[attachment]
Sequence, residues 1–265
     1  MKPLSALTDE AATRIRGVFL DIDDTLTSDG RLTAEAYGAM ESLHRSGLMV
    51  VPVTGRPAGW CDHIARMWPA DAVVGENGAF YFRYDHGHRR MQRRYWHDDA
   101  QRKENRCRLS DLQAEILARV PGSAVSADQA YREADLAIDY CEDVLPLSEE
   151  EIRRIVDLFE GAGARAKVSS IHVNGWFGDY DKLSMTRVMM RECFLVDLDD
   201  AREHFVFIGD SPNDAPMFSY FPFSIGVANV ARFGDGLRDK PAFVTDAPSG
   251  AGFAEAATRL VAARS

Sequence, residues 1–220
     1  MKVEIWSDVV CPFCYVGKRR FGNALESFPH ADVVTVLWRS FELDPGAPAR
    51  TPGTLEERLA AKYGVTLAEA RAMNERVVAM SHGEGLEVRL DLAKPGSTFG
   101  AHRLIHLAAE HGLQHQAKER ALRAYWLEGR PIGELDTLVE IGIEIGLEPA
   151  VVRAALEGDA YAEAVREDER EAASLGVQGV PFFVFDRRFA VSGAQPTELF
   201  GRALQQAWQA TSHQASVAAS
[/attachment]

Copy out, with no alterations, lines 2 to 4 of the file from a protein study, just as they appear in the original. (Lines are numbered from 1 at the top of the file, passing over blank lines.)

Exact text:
     1  MKPLSALTDE AATRIRGVFL DIDDTLTSDG RLTAEAYGAM ESLHRSGLMV
    51  VPVTGRPAGW CDHIARMWPA DAVVGENGAF YFRYDHGHRR MQRRYWHDDA
   101  QRKENRCRLS DLQAEILARV PGSAVSADQA YREADLAIDY CEDVLPLSEE